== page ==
Letters & Opinion

The Rock Criticised for ‘Not Being Black Enough’

Yet Another Manifestation of Racial Confusion

In October, Dwayne ‘The Rock’ Johnson was told that he’s not black enough to play John Henry, an “African American” Folklore legend — the details of which demonstrate one thing: some blacks are confused about their race.

Image of The Rock
The Rock

This racial confusion permeates so-called black societies all over the world; an entire group of people who neither know their race, nor on what grounds to define it.

The problem stems from identifying with a colour or shade as one’s race. The word “black” describes nothing except one of the world’s shades and is usually associated with evil. However, it cannot describe accurately someone’s race.

I challenge anyone who disagrees with this premise to tell me what the word black describes on a “black” person. Most would reply their skin colour but that is wrong; not only because black is not even a colour, but also because no one in history has ever had black skin.

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What most describe as “black” skin, actually ranges from many shades of brown; while some who are cast as “black” are even lighter than any shade of brown. Yet none of these are called brown or cream, or cocoa, or whatever colour their skin actually is, in regards to their race. They are simply and inaccurately called black; and thus the confusion is perpetuated.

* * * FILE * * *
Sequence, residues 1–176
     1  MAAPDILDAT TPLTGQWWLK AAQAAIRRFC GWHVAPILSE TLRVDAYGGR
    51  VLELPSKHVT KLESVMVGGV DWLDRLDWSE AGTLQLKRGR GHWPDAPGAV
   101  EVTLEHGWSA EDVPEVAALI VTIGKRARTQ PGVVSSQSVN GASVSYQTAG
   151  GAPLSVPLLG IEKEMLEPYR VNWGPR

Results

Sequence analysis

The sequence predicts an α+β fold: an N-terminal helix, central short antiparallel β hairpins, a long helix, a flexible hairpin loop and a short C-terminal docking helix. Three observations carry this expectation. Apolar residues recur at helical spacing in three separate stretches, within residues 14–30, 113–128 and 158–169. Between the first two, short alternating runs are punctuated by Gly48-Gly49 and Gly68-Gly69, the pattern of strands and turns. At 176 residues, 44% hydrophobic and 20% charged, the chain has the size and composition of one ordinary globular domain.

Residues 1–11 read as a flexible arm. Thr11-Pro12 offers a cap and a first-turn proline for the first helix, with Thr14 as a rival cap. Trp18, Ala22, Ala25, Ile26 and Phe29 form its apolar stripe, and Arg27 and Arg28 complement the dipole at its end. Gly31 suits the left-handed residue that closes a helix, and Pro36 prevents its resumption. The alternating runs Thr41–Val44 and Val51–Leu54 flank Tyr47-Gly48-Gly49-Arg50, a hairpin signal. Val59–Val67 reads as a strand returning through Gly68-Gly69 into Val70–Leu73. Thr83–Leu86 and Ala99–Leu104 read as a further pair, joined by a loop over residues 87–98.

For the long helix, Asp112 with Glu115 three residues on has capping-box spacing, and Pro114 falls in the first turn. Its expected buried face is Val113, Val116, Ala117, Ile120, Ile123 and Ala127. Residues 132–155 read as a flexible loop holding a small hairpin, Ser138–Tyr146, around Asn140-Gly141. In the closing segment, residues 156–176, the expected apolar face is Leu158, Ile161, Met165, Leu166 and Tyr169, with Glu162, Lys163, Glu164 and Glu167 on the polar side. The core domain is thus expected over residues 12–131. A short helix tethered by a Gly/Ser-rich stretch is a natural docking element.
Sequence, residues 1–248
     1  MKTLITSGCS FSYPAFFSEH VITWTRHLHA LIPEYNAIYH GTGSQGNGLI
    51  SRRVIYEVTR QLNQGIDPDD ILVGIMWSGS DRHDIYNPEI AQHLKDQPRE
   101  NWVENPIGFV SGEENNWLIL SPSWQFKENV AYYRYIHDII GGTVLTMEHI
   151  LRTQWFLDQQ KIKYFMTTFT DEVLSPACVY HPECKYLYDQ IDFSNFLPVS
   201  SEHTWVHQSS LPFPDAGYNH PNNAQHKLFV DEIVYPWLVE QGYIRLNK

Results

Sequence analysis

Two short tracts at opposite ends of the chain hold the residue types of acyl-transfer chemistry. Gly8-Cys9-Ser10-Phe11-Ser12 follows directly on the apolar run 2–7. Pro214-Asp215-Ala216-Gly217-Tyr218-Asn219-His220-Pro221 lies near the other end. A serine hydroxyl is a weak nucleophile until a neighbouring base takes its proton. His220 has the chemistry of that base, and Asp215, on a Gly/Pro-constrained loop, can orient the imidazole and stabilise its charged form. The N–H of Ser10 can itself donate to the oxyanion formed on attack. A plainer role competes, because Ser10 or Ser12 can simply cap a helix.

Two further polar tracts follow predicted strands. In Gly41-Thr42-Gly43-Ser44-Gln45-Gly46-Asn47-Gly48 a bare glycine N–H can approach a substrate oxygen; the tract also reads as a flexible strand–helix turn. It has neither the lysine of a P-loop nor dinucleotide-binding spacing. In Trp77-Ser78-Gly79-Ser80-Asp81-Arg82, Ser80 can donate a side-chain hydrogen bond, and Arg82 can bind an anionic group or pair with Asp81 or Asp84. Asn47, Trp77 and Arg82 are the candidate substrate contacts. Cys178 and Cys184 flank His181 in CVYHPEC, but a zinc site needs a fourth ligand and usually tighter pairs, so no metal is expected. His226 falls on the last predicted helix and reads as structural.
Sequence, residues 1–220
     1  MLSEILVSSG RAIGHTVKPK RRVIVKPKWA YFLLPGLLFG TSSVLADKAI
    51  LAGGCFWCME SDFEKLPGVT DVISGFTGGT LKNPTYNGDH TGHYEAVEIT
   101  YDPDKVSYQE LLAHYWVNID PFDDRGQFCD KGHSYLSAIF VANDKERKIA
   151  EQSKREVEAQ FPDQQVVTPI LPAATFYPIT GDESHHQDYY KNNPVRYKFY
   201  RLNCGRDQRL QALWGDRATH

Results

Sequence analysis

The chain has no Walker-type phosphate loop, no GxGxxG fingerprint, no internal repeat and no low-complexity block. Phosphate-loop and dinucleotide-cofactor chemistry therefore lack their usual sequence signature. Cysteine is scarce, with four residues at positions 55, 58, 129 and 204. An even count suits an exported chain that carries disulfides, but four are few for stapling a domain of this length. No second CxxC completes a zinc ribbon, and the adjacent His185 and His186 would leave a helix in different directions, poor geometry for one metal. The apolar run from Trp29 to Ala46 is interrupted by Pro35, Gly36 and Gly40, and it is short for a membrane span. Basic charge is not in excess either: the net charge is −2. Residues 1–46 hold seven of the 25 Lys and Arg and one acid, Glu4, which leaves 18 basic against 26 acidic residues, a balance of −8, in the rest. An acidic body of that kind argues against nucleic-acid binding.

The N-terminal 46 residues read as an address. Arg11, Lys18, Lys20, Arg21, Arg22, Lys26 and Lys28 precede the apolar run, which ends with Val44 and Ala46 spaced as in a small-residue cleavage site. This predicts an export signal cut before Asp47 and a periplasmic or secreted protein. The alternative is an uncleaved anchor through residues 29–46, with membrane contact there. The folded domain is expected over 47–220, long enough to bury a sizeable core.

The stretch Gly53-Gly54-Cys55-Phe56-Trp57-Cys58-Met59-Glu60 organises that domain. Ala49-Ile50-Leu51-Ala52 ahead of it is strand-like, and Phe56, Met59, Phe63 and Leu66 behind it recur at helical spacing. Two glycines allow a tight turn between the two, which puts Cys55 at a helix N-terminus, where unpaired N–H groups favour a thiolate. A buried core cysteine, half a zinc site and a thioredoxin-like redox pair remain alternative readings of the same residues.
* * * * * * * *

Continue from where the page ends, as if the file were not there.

However, I do not advocate identifying race by calling anyone by their actual skin colour either. The above is just to point out the many inconsistencies that this colour application to the races has; inconsistencies which have led to incidents like what happened with the former WWE star.

In order to remedy this racial confusion, we must be able to educate ourselves on what race actually is.

Race as I’ve said already, has nothing to do with skin colour. However, it has everything to do with paternity, going all the way back to Noah and eventually to Adam.

Of course finding out one’s actual race based on one’s forefathers in a society like ours, where we’ve been taught that we don’t need to know our fathers, in order to lead normal lives, is going to be extremely difficult.

Add to that the fact that historians and other interest groups here, do not seem to be interested in delving into our actual ancestry; and would much rather posit that we’re all descended from “African Kings”, be they from Western Kingdoms like Dahomey, or Eastern ones like Egypt and Ethiopia.

But this is what makes this most recent case with The Rock, quite interesting; a sort of Tiger Woods situation. His father is what most would describe as “black” while his mother is what they call “Polynesian”. The Rock therefore is “light-skinned”, and although he’s described as “a black man”, he also has Polynesian features.

The Rock, when announcing the news of him playing this fictitious character, tweeted this: “‘When the man comes around. Honored to play a childhood hero of mine, JOHN HENRY & his disruptive band of fellow folklore legends from around the world,’”

The Daily Mail reported that “The legend of John Henry [the character that The Rock is going to play]; tells the tale of a black steel-driver, and former slave, who raced against a steam-powered rock drilling machine supposedly in the 1800s.”